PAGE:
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NORTH AMERICAN FREE TRADE AGREEMENT
CHAPTER 19
DISPUTE RESOLUTION PANEL
 


In the Matter of:

Final Scope Ruling on Galvak, S.A. de C.V. Merchandise 
Antidumping Order on Circular Welded Non-Alloy Steel Pipe From Mexico

USA-98-1904-05

 


PANEL:

  Lawrence J. Bogard, Panel Chair
Jeffery Cyril Atik
  Lucia Ojeda Cardenas
  Hernan Garcia Corral
Arthur Rosett





MEMORANDUM OPINION AND ORDER

November 19, 2002

Jeffery M. Winton, of Shearman & Sterling, Washington, D.C., argued for Galvak, S.A. de C.V. With him on the brief was Christopher M. Ryan, of Shearman & Sterling, Washington, D.C.

Roger B. Shagrin, of Shagrin Associates, Washington, D.C., argued for Allied Tube & Conduit Corporation and Wheatland Tube Company.

John F. Koeppen, of the Office of Chief Counsel for Import Administration, U.S. Department of Commerce, Washington, D.C., argued for the Investigating Authority. With him on the brief were Myles S. Getlan, of the Office of Chief Counsel for Import Administration, U.S. Department of Commerce, Washington, D.C.

OPINION AND ORDER OF THE PANEL

This Binational Panel has been asked to review a Final Scope Ruling 1 (“Scope Ruling”) issued by the U.S. Department of Commerce (“Commerce”) concerning the Antidumping Duty Order on Certain Circular Welded Non-Alloy Steel Pipe from Brazil, the Republic of Korea (Korea), Mexico, and Venezuela2 (“Order”). In the Scope Ruling Commerce declined the request of Galvak S.A. de C.V. (“Galvak”) to determine that the tubular products that Galvak intended to export to the United States were not within the scope of the Order.

This Panel was convened pursuant to Article 1904 of the North American Free Trade Agreement (“NAFTA”) in response to a Request for Panel Review filed on behalf of Allied Tube and Conduit Company, the Sawhill Tubular Division of Armco, Inc., and Wheatland Tube Company (the “Domestic Producers”), pursuant to Rule 34 of the NAFTA Article 1904 Panel Rules.3

In conformity with Article 1904.8 of the NAFTA, and Part VII of the NAFTA Article 1904 Panel Rules, this Panel hereby renders its written decision. We find that in its analysis supporting the Scope Ruling, Commerce failed to take into account the exclusionary nature of the pertinent language in the Order. This exclusionary language dictates that Commerce begin its analysis of the Order’s scope with the rebuttable presumption that mechanical tubing - the merchandise subject to the Scope Ruling - is outside the scope of the Order and then consider such record evidence as may demonstrate that specific mechanical tubing products are covered by the Order. Commerce adopted the opposite approach, presuming that all mechanical tubing is covered by the Order unless it is demonstrated otherwise. This approach, however, expanded the Order beyond its original scope and is therefore unlawful. In addition, Commerce did not adequately explain why the analysis that it employed in a previous scope ruling interpreting the same exclusionary language of the same Order was not applied in this case. For these reasons, the Panel remands the Scope Ruling for action not inconsistent with this decision.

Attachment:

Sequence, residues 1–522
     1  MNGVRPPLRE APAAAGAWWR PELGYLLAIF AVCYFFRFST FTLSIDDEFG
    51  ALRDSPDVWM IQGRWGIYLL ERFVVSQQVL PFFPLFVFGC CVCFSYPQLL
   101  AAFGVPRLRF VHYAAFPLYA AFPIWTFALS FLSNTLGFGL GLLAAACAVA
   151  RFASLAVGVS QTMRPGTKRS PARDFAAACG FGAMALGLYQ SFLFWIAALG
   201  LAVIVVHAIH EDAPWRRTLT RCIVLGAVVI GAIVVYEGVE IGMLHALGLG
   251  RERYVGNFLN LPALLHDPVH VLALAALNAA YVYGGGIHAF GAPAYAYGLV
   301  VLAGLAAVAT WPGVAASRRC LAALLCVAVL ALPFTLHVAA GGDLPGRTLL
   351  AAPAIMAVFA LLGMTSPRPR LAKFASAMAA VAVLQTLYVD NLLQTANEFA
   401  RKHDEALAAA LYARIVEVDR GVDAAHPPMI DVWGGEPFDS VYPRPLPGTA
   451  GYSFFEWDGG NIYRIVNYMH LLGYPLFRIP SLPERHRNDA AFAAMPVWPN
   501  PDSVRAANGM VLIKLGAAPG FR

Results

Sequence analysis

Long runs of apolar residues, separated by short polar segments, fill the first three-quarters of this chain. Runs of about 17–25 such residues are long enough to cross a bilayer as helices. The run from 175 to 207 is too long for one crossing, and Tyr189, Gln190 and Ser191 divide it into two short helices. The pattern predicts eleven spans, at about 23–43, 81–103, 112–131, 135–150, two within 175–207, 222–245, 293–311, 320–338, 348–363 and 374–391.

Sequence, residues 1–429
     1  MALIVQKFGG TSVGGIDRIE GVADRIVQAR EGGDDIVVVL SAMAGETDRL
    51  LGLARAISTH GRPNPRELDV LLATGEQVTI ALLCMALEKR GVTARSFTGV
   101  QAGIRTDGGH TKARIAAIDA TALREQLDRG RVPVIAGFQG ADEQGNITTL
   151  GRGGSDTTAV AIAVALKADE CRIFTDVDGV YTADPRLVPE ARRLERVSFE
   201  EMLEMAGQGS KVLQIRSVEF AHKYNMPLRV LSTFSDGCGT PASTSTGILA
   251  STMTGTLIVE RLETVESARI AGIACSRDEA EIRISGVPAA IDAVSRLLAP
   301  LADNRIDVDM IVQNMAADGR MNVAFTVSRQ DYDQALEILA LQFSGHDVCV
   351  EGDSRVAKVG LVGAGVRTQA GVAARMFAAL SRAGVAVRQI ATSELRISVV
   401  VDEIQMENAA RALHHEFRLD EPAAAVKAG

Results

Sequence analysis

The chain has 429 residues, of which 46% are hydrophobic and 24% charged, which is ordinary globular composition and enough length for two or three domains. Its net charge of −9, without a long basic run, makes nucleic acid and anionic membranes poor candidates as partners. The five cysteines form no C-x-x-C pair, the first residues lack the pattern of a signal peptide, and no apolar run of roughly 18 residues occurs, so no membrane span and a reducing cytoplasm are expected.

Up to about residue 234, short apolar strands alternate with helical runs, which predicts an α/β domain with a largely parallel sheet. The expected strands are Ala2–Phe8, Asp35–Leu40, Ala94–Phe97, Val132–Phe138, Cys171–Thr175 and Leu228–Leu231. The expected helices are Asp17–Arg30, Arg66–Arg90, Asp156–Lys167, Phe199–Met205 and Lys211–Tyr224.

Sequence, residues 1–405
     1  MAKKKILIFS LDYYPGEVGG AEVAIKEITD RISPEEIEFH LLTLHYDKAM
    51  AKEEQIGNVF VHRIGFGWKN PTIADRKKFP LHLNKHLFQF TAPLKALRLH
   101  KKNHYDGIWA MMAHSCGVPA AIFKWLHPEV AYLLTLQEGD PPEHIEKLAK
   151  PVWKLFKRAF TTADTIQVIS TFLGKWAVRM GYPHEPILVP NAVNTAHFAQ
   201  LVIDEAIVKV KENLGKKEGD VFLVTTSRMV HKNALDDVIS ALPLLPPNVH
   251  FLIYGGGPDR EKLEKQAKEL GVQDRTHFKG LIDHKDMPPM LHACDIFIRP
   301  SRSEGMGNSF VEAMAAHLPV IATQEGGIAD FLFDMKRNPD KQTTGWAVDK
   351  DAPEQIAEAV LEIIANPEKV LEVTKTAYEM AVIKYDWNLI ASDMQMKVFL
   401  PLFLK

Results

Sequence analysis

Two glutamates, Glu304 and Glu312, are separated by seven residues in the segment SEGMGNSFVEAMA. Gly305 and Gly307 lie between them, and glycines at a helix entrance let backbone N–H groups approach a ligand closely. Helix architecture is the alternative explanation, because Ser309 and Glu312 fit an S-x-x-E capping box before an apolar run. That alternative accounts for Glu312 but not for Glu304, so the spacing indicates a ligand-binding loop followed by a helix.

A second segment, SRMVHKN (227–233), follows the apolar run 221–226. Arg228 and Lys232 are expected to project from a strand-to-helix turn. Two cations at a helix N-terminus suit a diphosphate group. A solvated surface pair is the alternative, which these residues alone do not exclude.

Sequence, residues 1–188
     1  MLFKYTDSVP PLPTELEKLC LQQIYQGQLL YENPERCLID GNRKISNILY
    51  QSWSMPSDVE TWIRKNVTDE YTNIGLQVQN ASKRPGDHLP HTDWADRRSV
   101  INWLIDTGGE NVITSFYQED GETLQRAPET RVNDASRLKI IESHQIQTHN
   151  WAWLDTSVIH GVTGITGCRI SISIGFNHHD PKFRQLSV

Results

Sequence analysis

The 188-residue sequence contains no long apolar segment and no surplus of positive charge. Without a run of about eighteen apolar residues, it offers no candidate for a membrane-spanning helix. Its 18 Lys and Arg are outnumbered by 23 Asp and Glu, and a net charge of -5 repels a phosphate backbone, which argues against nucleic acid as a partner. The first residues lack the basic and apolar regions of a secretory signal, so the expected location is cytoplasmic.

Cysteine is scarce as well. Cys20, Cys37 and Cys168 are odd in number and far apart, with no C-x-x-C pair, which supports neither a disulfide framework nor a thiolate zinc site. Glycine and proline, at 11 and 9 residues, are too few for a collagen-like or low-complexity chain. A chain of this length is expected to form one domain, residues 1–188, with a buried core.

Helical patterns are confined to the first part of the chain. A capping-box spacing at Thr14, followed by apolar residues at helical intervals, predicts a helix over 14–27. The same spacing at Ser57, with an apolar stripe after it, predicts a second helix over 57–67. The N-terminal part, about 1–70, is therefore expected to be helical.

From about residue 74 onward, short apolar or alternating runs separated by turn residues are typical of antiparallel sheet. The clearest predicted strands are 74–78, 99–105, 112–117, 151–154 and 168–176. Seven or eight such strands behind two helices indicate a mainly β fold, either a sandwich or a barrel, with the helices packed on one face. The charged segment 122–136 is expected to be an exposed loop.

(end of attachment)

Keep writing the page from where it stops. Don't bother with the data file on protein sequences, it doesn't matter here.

BACKGROUND

Previous Proceedings

On September 24, 1991, members of the pertinent U.S. industry4  filed a Petition for the imposition of Antidumping Duties on circular welded non-alloy steel pipe from Brazil, the Republic of Korea, Mexico, Romania, Taiwan and Venezuela. Thereafter, Commerce published an affirmative final determination of sales at less than fair value with respect to circular welded non-alloy steel pipe from Mexico and other countries.5

In October 1992, the International Trade Commission (“ITC”) issued a final determination with respect to Circular Welded Non-Alloy Steel Pipe and Tubes, in the context of which it determined that mechanical tubing is a different like product from standard and structural pipes and tubes. Further, due to the insignificant volume of imports of these products, the ITC found that subject imports were not a cause of material injury to domestic producers of mechanical tubing. Notably, Petitioners supported both the separate like product and “no injury” conclusions concerning mechanical tubing.6